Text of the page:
What Is Unicompartmental Knee Arthritis?
When the knee develops arthritis in just one joint compartment, it’s known as a unicompartmental disease state. Unicompartmental arthritis causes swelling, inflammation, pain, and stiffness in the knee joint.
Osteoarthritis is the most common form of arthritis affecting the knee, and it causes the joint cartilage to wear away. Your joint cartilage is there to help cushion the knee and keep it moving smoothly. When it declines you can experience the “bone on bone” sensation that is quite painful and debilitating.
The knee is made up of three compartments:
- Lateral compartment (outer part of the joint)
- Medial compartment (inner part of the joint)
- Patellofemoral compartment (kneecap area of the joint)
When it comes to osteoarthritis, the medial compartment is most commonly affected (90%), followed by the lateral compartment. Osteoarthritis that only flares up in the patellofemoral compartment is rare.
For patients with unicompartmental osteoarthritis, normal activities can grow increasingly hard. Stiffness and pain cause limping and this rolling gait can affect your balance and cause hip and spine pain. In the past, surgeons have completed total knee replacements on patients with unicompartmental osteoarthritis.
However, today, knee replacement surgery is much more precise, and can even be completed as an outpatient procedure, where you can go home the same day. Instead of replacing the entire knee joint, there is an alternative called the uni-knee replacement.
What Is a Uni-Knee Replacement?
The unicompartmental knee replacement is also known as a uni-knee replacement, partial knee replacement, or unicompartmental knee arthroplasty. No matter the name, a uni-knee replacement surgery seeks to replace the arthritic section of the knee with prosthetic parts while sparing the remaining compartments of the knee.
Your surgeon will carefully remove just the section that is affected by arthritis, replacing and cleaning these parts with resurfacing and implants, while the healthy tissue and bone of the knee will remain in place.
During a unicompartmental or partial knee replacement, your surgeon will make a small incision to gain access to the affected knee compartment and carefully remove the diseased portion of the knee joint. The surrounding surfaces will be prepared to accept the prosthesis and then the surgeon will precisely cement the replacement parts onto these sections. Finally, all of the surrounding tissues and structures will be restored to their original locations and the incision will be sutured.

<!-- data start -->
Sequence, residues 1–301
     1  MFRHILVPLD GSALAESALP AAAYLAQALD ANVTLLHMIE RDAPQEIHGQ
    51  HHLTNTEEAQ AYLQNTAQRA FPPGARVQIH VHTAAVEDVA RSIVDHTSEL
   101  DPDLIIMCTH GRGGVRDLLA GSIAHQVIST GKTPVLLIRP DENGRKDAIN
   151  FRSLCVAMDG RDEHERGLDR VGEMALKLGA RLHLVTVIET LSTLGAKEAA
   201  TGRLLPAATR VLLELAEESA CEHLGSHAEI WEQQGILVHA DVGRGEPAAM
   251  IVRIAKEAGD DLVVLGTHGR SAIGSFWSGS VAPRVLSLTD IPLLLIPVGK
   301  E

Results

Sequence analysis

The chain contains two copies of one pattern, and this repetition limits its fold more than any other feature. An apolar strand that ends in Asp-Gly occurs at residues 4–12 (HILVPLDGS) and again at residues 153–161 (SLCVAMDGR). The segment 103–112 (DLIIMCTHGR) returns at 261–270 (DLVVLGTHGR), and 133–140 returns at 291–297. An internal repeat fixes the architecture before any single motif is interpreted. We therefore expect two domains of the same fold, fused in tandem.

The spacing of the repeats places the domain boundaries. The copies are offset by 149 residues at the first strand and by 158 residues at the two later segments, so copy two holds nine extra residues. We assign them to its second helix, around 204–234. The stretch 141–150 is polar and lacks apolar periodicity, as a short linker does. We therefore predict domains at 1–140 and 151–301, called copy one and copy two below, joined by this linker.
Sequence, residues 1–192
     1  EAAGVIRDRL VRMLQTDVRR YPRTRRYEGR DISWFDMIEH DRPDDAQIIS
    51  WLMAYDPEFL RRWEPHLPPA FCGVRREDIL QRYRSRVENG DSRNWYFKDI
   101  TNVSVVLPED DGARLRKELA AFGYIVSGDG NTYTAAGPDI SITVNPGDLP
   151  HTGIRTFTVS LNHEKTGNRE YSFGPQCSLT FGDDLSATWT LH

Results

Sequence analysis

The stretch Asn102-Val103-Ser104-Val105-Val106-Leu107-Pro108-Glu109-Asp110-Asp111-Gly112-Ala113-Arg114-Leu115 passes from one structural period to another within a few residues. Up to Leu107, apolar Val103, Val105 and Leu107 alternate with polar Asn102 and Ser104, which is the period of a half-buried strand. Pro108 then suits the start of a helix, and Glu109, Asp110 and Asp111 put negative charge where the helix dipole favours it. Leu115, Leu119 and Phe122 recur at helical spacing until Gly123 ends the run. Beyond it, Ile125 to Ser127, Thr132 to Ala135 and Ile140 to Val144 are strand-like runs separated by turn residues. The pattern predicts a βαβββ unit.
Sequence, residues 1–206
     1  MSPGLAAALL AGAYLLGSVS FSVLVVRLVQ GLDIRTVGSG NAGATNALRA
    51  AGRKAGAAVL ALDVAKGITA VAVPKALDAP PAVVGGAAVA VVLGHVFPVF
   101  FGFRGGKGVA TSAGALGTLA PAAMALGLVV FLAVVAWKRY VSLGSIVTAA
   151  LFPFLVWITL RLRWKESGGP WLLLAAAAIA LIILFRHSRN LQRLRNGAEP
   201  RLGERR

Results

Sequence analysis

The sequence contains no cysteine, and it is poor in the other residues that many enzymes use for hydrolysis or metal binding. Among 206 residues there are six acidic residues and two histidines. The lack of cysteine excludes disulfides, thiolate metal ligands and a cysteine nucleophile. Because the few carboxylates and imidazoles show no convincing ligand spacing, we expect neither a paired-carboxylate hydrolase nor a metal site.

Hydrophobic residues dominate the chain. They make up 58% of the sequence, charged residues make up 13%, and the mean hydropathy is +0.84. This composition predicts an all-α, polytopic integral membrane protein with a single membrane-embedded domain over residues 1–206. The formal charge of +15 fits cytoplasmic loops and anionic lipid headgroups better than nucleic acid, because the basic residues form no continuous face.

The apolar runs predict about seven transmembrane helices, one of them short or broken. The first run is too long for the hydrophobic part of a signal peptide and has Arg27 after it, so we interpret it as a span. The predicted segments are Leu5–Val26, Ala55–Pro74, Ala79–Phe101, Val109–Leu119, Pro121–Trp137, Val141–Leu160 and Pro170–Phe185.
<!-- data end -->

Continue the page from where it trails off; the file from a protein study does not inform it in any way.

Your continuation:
This procedure is typically performed in an outpatient setting, meaning you’ll be walking within a few hours of the procedure and on your way home in the afternoon. As you recover at home, you will undergo physical therapy to recover your mobility and help the knee heal as quickly as possible.
How Is a Uni-Knee Replacement Different From a Total Knee Replacement?
In a total knee replacement, your surgeon will remove the entire joint and replace it with a fully prosthetic or artificial joint. However, in many cases, you may just have wear and tear in one section of the knee, which may make uni-knee replacement a better option. The uni-knee simply replaces the section of the knee that is affected by arthritis and leaves the unaffected areas. The procedure is, therefore, less invasive, leading to less postoperative pain and a faster recovery. Because only one section of the knee is replaced and the rest is left intact, patients report that their knee feels much more natural.
Why Is a Uni-Knee Replacement Preferable to a Total Knee Replacement?
There are many benefits to having a unicompartmental knee replacement over a total knee replacement. The benefits of a uni-knee procedure include:
- Quicker recovery period
- Less postoperative pain
- Better range of motion after surgery
- More natural feeling knee
- Fewer complications when compared to a total knee replacement
- Less blood loss
- Less bone and soft tissue disruption
A Uni-Knee replacement in the properly selected patient can last just as long as a total knee replacement. Approximately 75-80% of uni-knees last 20 years or more. If ever the uni-knee wears out, the subsequent procedure would simply be conversion to a total knee replacement.
Are You a Candidate for a Uni-Knee Replacement?
The first question your surgeon will ask when considering the type of knee replacement is where the arthritis and pain are located in your knee. You will undergo a variety of diagnostic tests to understand what parts of the knee or knees are affected by the arthritis. The ideal person undergoing a uni-knee replacement is:
- At least 50 years old or older
- Pain localized to one-sided of the knee
- Does not have rheumatoid arthritis
- Has good range of motion before the surgery
- Has intact ligaments, particularly the ACL
- Has severe knee osteoarthritis limited to just one section of the joint
- Has tried several more conservative treatments that failed
- Lacks significant knee deformities
- BMI under 40
Every patient is different. That’s why your surgeon will carefully evaluate the condition of the knee as well as your overall health before deciding whether uni-knee replacement surgery is right for you.